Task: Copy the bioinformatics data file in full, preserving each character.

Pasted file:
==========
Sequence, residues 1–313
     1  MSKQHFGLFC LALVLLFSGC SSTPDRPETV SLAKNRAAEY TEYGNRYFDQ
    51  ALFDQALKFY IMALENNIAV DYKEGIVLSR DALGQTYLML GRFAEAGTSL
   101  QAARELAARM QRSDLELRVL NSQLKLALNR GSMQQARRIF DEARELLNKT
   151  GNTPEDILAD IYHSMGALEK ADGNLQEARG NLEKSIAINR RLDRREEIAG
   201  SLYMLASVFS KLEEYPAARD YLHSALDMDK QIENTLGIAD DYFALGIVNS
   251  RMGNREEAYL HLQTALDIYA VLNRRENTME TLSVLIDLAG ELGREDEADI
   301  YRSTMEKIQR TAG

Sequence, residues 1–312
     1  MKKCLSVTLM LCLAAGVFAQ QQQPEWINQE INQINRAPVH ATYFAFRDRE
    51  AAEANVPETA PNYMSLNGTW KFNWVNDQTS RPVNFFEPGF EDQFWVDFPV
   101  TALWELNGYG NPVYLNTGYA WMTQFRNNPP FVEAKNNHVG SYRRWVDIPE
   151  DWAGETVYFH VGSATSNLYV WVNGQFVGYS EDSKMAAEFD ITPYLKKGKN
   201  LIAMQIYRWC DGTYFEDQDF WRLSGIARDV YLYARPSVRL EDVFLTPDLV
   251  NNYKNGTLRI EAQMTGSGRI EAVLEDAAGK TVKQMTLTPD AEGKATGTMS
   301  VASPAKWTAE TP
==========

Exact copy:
Sequence, residues 1–313
     1  MSKQHFGLFC LALVLLFSGC SSTPDRPETV SLAKNRAAEY TEYGNRYFDQ
    51  ALFDQALKFY IMALENNIAV DYKEGIVLSR DALGQTYLML GRFAEAGTSL
   101  QAARELAARM QRSDLELRVL NSQLKLALNR GSMQQARRIF DEARELLNKT
   151  GNTPEDILAD IYHSMGALEK ADGNLQEARG NLEKSIAINR RLDRREEIAG
   201  SLYMLASVFS KLEEYPAARD YLHSALDMDK QIENTLGIAD DYFALGIVNS
   251  RMGNREEAYL HLQTALDIYA VLNRRENTME TLSVLIDLAG ELGREDEADI
   301  YRSTMEKIQR TAG

Sequence, residues 1–312
     1  MKKCLSVTLM LCLAAGVFAQ QQQPEWINQE INQINRAPVH ATYFAFRDRE
    51  AAEANVPETA PNYMSLNGTW KFNWVNDQTS RPVNFFEPGF EDQFWVDFPV
   101  TALWELNGYG NPVYLNTGYA WMTQFRNNPP FVEAKNNHVG SYRRWVDIPE
   151  DWAGETVYFH VGSATSNLYV WVNGQFVGYS EDSKMAAEFD ITPYLKKGKN
   201  LIAMQIYRWC DGTYFEDQDF WRLSGIARDV YLYARPSVRL EDVFLTPDLV
   251  NNYKNGTLRI EAQMTGSGRI EAVLEDAAGK TVKQMTLTPD AEGKATGTMS
   301  VASPAKWTAE TP